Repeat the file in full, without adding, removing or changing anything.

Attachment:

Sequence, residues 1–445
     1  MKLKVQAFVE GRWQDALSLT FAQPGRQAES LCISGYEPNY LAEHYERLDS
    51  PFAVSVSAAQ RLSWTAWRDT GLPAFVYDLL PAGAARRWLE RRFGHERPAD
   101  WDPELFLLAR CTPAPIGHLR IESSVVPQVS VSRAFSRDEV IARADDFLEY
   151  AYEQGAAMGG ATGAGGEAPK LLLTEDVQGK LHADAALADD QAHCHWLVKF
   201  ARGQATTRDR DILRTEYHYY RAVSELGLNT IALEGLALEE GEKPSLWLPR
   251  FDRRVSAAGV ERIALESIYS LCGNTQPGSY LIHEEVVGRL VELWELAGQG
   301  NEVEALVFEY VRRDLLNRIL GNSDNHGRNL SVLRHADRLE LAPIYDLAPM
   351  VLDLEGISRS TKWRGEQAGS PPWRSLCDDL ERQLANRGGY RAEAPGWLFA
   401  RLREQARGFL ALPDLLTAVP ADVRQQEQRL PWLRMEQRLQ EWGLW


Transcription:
Sequence, residues 1–445
     1  MKLKVQAFVE GRWQDALSLT FAQPGRQAES LCISGYEPNY LAEHYERLDS
    51  PFAVSVSAAQ RLSWTAWRDT GLPAFVYDLL PAGAARRWLE RRFGHERPAD
   101  WDPELFLLAR CTPAPIGHLR IESSVVPQVS VSRAFSRDEV IARADDFLEY
   151  AYEQGAAMGG ATGAGGEAPK LLLTEDVQGK LHADAALADD QAHCHWLVKF
   201  ARGQATTRDR DILRTEYHYY RAVSELGLNT IALEGLALEE GEKPSLWLPR
   251  FDRRVSAAGV ERIALESIYS LCGNTQPGSY LIHEEVVGRL VELWELAGQG
   301  NEVEALVFEY VRRDLLNRIL GNSDNHGRNL SVLRHADRLE LAPIYDLAPM
   351  VLDLEGISRS TKWRGEQAGS PPWRSLCDDL ERQLANRGGY RAEAPGWLFA
   401  RLREQARGFL ALPDLLTAVP ADVRQQEQRL PWLRMEQRLQ EWGLW